March 10, 2014

FORKEN | Primaries and the Decline of Bipartisanship

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As partisanship becomes an increasingly prevalent concern on Capitol Hill, the 113th Congress is poised to be the least productive legislative effort in United States history. Over the course of Congress’ first yearlong session, only 58 bills were passed into law, 30 of which dealt with simply naming post offices. As documented by the Pew Research Center, the partisan gap between Democrats and Republicans remained constant at around 10 percentage points for a number of years beginning in 1997. In 2012, that number swelled to 18 percentage points. The increased polarization in Washington stems from the amplification of ideological extremists who incentivize candidates to move to either end of the political spectrum in order to emerge successful in the primaries of gerrymandered districts.

It is no secret that voter turnout in America is low in comparison to other industrialized nations. Participation in primaries, or elections that serve to select a candidate to campaign for a given party, is even lower than in general elections. Due to this lack of citizen involvement, the individuals who are on the extreme ends of certain issues are more likely to affect the political rhetoric of elections, as those who care more vote at higher rates.

Primaries effectively encourage partisanship. Candidates are forced to appeal to the extremists of their constituency in order to advance to the general election (see Mitt Romney “47 percent” and “self-deportation”). Consequently, voters in a general election see some candidates as too far towards either end of the political spectrum. One might ask, “Well, if voters perceive candidates as too partisan, wouldn’t this decrease polarization?” The answer very well may be yes if it weren’t for one thing: Gerrymandering.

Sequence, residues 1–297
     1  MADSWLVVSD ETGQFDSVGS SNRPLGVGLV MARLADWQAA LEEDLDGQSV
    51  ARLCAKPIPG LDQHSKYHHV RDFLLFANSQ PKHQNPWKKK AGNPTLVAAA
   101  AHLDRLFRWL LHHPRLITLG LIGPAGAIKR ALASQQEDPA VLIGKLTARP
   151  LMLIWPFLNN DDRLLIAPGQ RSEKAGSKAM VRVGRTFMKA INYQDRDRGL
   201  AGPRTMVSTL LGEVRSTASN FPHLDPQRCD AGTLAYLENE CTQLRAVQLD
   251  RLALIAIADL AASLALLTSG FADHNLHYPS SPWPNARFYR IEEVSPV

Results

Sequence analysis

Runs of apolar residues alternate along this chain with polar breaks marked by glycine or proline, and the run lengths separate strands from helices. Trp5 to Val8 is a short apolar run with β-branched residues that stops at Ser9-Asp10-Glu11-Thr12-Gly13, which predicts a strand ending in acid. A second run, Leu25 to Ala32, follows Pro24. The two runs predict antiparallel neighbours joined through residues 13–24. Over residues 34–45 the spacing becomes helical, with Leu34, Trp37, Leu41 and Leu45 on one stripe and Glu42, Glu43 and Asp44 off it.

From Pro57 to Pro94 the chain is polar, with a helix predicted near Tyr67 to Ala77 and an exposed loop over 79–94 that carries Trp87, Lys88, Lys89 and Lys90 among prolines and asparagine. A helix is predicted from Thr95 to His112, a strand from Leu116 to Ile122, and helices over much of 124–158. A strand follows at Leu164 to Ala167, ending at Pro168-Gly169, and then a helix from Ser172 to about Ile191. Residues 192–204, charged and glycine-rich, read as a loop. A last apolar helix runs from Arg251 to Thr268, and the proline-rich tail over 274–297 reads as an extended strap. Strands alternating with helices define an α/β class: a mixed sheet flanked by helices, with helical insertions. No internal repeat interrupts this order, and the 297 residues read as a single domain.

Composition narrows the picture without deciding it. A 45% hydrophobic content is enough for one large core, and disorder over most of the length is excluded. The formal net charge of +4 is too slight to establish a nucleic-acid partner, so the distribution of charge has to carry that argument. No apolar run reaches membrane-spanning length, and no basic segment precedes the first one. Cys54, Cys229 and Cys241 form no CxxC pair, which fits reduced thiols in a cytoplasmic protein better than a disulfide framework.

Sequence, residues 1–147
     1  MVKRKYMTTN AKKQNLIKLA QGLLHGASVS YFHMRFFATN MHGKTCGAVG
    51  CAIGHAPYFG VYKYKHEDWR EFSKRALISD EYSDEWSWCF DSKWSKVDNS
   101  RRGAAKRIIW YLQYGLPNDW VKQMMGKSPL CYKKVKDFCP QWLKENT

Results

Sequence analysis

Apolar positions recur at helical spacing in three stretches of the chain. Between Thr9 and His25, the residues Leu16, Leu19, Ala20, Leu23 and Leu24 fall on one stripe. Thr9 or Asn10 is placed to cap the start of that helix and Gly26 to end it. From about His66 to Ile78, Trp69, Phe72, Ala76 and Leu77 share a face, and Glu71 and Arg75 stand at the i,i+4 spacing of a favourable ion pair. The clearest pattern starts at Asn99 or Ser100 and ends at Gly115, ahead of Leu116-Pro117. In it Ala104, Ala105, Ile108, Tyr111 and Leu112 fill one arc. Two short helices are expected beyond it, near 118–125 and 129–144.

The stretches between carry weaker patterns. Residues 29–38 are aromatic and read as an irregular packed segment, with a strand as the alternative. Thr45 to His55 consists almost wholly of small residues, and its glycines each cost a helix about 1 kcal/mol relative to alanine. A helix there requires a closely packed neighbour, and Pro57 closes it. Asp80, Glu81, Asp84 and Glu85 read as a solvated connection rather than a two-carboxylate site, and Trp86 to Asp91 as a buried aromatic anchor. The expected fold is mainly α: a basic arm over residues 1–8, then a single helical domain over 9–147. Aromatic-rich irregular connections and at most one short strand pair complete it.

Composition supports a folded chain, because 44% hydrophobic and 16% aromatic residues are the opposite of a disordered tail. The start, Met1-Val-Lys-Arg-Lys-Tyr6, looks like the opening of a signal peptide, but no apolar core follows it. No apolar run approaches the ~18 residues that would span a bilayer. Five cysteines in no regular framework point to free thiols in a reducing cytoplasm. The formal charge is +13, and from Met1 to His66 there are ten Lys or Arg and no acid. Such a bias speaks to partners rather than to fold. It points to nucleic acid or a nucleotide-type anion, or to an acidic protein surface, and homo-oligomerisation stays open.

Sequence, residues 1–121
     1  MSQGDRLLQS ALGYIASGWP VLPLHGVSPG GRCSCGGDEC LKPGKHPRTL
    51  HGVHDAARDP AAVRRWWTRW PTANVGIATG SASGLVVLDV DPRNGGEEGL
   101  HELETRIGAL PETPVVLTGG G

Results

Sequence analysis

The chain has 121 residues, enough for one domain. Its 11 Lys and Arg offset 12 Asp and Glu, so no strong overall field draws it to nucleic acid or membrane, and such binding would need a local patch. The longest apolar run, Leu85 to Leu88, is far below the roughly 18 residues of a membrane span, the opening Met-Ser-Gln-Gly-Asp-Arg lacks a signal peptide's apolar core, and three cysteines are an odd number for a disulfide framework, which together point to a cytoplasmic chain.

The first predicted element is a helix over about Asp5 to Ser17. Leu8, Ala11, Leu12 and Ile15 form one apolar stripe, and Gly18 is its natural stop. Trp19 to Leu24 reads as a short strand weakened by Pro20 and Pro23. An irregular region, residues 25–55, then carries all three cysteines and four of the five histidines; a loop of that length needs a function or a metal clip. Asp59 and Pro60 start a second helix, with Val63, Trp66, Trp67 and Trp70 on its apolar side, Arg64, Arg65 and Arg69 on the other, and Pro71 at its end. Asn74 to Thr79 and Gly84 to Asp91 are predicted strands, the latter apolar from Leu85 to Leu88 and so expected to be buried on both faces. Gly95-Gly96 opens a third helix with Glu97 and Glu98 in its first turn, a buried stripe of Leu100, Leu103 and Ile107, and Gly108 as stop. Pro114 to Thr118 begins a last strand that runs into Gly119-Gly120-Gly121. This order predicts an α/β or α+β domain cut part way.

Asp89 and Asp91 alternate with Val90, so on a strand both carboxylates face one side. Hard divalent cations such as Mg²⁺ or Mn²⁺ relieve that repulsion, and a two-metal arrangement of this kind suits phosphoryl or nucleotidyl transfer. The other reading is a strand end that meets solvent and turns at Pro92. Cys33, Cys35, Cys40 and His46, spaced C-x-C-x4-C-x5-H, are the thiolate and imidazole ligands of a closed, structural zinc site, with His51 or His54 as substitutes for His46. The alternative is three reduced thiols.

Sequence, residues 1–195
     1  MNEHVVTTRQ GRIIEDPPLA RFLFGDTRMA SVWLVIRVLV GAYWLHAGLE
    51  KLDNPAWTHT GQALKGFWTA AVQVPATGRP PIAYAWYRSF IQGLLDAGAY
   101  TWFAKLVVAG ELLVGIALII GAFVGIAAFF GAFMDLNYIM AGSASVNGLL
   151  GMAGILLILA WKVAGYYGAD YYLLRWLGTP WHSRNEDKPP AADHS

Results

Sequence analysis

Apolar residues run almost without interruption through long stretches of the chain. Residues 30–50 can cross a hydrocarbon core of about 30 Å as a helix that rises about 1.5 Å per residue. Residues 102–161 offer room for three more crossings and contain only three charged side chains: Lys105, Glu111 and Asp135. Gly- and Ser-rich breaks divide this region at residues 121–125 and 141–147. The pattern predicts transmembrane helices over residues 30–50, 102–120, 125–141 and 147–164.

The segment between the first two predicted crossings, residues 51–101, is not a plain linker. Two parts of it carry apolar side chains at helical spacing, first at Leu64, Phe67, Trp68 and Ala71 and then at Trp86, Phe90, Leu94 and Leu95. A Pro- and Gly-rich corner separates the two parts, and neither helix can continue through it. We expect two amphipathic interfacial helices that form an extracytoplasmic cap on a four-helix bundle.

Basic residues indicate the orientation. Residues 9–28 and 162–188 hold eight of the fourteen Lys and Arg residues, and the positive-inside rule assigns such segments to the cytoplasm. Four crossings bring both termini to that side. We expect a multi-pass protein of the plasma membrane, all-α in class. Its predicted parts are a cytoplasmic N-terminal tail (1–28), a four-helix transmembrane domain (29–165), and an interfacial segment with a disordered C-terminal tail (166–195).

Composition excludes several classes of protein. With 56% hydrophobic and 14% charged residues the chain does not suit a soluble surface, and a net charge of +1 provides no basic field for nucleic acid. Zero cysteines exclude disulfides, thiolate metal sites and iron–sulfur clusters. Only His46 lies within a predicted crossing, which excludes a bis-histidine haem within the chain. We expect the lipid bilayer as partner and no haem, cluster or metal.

Gerrymandering is the practice of redrawing district lines in order to create a political advantage for a given party by encompassing the like-minded within a single district. Essentially, candidates can win general elections by merely appealing to one end of the political spectrum. As politicians then wade into actual policy discourse, they realize their political fate is controlled by a one-sided group of immoderate voters, creating an uncompromising atmosphere on Capitol Hill.

Primaries have been around for quite some time, so why are they just becoming an issue now? For starters, the aforementioned statistic from the Pew Research Center displays that voters are becoming more partisan and, subsequently, supporting candidates closer to the end of the political spectrum on either side.

Secondly, the formation of grassroots movements, such as the Tea Party, force incumbent candidates even further towards partisanship as they fear their constituency may begin to support a more extreme, well-funded challenger. This same fear leads to further inaction in Washington, as politicians dread being seen as negotiating with the opposite party. Gerrymandering and primaries create a cyclical all-or-nothing outlook, where compromises are seen as weak, and concessions of any kind are a forfeiture of your values.

Despite the partisanship spurred by primaries and gerrymandering, there is a simple solution: Vote. Politicians are responsive to the voters who can put them in office and maintain their seats. Right now, those voters are the ideological citizens who participate in the primaries. By increasing voter turnout, politicians are exposed to a more normally distributed constituency and must legislate in a responsible manner to ensure appealing to either side of the aisle. Voters must cease rewarding hard-liners, and instead reward those who do what they were elected to do: Govern. A platform based on denying the agenda of a differing party is not a legitimate platform.

In the end, voters must face a harsh reality in that politicians are more Frank Underwood and less Josiah Bartlet; most will say and do whatever is necessary to win. Fortunately, the general public has the ability to shape the narrative by demanding politicians who protect the values of the constituency, yet are able to compromise for the greater good. Primary season is right around the corner — get out and vote.